That is more misinformation.
Browsers can access content either locally or over a network.
When accessing content locally, they may be able to use the local filesystem naming conventions.
Thus people using Windows accessing content in a browser locally can use “C:\path\file name”
However when accessing content over a network using HTTP, etc, they must use the URL format.
The URL format says that / is the directory separator and that whitespace must be escaped.
Thus everyone must use “http://hostname/path/file%20name”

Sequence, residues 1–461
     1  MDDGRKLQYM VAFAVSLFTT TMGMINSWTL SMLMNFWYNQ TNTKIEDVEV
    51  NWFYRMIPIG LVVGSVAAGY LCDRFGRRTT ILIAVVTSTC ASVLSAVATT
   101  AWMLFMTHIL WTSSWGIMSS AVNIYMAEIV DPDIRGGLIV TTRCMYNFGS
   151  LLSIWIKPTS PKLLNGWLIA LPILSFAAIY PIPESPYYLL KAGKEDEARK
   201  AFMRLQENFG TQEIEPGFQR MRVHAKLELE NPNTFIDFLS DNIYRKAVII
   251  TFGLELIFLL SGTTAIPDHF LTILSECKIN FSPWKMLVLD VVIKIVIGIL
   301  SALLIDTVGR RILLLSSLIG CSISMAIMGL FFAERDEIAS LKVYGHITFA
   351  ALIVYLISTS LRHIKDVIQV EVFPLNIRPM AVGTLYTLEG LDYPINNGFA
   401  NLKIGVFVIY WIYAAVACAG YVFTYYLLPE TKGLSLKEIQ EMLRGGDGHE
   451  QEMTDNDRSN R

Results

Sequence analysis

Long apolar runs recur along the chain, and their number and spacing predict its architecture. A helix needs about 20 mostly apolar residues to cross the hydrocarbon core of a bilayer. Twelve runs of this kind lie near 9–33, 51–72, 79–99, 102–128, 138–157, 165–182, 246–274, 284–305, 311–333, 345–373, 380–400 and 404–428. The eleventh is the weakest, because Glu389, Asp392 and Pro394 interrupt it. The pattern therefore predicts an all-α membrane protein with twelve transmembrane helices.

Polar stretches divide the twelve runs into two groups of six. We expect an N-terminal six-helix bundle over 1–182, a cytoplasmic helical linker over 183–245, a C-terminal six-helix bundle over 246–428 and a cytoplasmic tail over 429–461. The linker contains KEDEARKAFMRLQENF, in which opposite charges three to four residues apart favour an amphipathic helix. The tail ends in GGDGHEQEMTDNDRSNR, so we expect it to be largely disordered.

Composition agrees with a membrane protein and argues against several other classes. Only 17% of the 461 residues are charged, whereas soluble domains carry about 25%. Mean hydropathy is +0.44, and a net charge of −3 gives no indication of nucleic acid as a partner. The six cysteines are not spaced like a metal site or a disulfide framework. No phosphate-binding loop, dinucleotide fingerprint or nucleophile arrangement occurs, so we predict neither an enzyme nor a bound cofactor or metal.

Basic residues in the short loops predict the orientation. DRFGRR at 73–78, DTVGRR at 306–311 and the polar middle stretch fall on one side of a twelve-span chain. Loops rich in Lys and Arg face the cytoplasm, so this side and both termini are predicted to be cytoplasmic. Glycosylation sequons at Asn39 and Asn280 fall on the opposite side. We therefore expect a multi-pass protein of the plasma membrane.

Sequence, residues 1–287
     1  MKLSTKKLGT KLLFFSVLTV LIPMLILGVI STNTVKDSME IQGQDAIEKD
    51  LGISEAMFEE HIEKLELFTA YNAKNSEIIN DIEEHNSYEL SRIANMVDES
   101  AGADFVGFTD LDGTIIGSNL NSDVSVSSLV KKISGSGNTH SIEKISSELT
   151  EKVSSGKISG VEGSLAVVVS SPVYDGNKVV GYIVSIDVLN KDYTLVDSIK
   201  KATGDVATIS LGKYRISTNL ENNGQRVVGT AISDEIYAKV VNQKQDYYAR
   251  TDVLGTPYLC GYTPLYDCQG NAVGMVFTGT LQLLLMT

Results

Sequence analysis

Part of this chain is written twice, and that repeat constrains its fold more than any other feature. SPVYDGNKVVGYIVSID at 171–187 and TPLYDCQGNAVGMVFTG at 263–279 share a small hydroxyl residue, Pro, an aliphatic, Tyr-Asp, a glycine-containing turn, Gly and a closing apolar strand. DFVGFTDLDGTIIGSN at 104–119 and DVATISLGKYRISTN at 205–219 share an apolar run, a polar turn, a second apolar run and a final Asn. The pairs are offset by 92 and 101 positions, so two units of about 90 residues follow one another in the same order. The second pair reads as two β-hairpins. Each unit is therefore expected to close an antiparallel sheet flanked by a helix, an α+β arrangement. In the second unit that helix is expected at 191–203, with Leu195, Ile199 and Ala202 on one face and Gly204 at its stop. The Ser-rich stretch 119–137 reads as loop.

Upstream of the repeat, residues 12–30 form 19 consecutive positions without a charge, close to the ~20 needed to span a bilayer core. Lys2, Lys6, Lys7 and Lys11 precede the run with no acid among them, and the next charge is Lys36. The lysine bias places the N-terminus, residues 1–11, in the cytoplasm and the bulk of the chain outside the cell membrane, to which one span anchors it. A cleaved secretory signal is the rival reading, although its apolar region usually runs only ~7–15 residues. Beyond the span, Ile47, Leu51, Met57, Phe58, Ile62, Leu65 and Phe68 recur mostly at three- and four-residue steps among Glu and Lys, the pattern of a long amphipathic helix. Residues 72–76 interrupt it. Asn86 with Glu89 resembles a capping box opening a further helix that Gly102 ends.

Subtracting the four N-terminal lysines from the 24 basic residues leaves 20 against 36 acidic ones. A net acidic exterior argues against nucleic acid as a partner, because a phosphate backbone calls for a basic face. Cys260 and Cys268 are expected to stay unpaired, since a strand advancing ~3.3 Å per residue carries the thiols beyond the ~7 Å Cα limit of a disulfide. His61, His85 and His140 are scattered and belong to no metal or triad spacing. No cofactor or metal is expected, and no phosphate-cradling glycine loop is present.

In fact Internet Explorer realizes that trying to access “http://hostname\filename” is not proper and automatically corrects it for you. This is what happens:
- User types in link to “http://hostname\index.html”
- Internet Explorer changes Address bar to “http://hostname\index.html”
- Internet Explorer sends proper HTTP request headers:
GET /index.html HTTP/1.1
Accept-Encoding: gzip, deflate
User-Agent: Mozilla/4.0 (compatible; MSIE 6.0; Windows NT 5.1; SV1; .NET CLR 1.0.3705)
Cache-Control: no-cachePeople who do not know that software designed for Microsoft Windows platform can generate HTML with local filesystem paths that are incompatible with the Web experience problems with images not showing up.
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